NCCN Guidelines for Patients
Thyroid Cancer, Version 1.2017
If you have a CT scan with contrast, it can delay the
start of treatment with RAI therapy. Your doctor will
consider this when planning your care. A CT may be
necessary to see more of the neck or chest area to
check for disease.
The radiation itself will exit your body through urine
and other body fluids. Thus, your body will give off
small amounts of radiation after treatment. For a
short period, you may need to take special safety
measures around other people, especially children
or pregnant women. Ask your doctor to share a
complete list of instructions on your care before,
during, and after RAI therapy.
Radiation therapy uses high-energy rays to treat
cancer. The rays damage a cell’s instructions for
making and controlling cells. This either kills the
cancer cells or stops new cancer cells from being
made. Radiation can also harm normal cells and
cause side effects.
External beam radiation is sometimes given to treat
medullary and almost always given to treat anaplastic
thyroid cancer. Radiation may also be given when
the cancer does not respond to RAI therapy, if it
cannot be completely surgically removed.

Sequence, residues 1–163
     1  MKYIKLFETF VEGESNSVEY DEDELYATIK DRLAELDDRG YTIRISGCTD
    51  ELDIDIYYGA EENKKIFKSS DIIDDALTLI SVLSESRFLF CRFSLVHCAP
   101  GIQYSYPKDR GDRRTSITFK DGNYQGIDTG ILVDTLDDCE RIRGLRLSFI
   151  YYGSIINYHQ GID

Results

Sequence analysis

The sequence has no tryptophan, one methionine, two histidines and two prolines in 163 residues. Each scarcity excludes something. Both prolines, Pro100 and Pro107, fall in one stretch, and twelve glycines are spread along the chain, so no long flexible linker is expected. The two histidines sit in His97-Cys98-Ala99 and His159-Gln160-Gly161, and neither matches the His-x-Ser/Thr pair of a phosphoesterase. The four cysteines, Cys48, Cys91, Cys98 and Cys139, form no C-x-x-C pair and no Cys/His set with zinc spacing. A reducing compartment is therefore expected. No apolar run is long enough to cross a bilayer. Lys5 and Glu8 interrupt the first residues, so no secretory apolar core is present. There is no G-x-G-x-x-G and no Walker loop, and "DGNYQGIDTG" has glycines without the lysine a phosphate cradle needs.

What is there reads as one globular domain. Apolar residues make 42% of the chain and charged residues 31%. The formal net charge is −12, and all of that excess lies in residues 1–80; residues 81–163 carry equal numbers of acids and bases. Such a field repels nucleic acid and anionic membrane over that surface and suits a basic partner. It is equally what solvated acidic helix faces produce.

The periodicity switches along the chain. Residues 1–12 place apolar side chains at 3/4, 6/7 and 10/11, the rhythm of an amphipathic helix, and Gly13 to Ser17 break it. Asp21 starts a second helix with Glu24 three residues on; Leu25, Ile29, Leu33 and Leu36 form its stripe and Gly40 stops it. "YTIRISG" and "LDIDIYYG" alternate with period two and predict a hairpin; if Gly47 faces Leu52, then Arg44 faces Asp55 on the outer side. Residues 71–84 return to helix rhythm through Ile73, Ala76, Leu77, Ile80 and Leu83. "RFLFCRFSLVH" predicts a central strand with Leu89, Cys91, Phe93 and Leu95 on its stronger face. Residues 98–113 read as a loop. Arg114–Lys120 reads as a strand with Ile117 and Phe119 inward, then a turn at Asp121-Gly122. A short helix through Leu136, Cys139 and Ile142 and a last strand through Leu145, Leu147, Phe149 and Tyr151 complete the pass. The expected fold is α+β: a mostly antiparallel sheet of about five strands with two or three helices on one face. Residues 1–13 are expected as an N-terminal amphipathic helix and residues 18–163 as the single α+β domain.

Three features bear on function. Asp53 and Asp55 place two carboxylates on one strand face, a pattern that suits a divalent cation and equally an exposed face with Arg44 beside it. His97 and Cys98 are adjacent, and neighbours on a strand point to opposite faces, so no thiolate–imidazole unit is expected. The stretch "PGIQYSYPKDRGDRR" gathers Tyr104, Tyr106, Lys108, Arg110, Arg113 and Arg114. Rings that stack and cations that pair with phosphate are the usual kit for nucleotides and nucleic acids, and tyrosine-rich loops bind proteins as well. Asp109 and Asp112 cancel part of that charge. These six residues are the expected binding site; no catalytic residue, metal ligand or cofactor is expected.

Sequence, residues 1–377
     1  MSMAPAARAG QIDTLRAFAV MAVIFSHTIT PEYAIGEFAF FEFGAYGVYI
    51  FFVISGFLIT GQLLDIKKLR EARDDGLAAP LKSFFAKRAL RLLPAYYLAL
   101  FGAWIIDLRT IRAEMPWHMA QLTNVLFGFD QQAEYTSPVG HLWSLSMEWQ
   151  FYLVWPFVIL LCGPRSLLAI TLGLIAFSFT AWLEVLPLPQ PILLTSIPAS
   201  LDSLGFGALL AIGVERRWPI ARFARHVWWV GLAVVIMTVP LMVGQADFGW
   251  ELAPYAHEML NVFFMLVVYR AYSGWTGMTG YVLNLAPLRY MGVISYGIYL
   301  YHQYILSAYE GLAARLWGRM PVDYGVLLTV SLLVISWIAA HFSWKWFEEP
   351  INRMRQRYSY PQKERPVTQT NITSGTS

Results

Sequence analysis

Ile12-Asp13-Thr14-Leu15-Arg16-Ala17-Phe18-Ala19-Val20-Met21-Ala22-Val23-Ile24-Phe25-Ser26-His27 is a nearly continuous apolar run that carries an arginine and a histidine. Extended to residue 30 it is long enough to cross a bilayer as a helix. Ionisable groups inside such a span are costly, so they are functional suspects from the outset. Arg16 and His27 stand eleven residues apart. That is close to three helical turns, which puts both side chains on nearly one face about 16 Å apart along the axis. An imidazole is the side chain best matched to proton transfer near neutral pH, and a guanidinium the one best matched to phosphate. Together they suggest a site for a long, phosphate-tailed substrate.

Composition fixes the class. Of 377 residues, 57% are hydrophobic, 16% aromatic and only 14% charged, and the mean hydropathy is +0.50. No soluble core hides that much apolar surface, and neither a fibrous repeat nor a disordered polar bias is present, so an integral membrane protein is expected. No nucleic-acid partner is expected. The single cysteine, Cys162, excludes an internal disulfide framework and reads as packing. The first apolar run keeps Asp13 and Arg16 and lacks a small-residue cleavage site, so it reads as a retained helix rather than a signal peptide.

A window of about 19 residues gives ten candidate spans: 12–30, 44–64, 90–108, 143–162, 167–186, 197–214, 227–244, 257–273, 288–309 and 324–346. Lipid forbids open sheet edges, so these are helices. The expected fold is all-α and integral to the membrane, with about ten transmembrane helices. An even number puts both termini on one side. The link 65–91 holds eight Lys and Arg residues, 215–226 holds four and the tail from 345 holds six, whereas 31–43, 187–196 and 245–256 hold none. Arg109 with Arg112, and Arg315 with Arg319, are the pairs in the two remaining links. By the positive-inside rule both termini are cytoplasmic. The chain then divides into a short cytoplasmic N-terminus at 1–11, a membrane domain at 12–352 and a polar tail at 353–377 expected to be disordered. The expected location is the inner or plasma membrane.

Two ways radiation is given for thyroid cancer
given using a machine outside the body.
involves giving smaller doses of radiation for
a few weeks with x-ray beams of different
strengths based on the thickness of the tumor.
Radiation therapy plan and schedule
Before beginning radiation therapy, pictures of the
cancer in your body will be taken with a CT scan
using contrast. This process is called simulation.
Your radiation oncologist will use the pictures to
decide the radiation dose and to shape the radiation
beams. Beams are shaped with computer software
and hardware added to the radiation machine. PET
scans may also be used for radiation treatment
Your treatment team will decide the best time to
have radiation therapy after surgery. During radiation
treatment, you will lie on a table in the same position
as done during simulation. Devices may be used to
keep you from moving so that the radiation targets
the tumor. Likewise, methods may be applied to
You will be alone while the technician operates the
radiation machine from a nearby room. He or she
will be able to see, hear, and speak with you at all
times. As treatment is given, you may hear noises.
One treatment session can take between 30 to 60
minutes. You will likely have 5 sessions a week.
Radiation may also relieve symptoms caused by
cancer. For thyroid cancer that has spread, this could
include difficulty or pain swallowing, loss of your
voice, or pain or stiffness in your neck. It is helpful to
ask your radiation treatment team for a complete list
of side effects and care instructions.
Common side effects of radiation to the neck area
Skin rash or redness
Extreme tiredness (fatigue)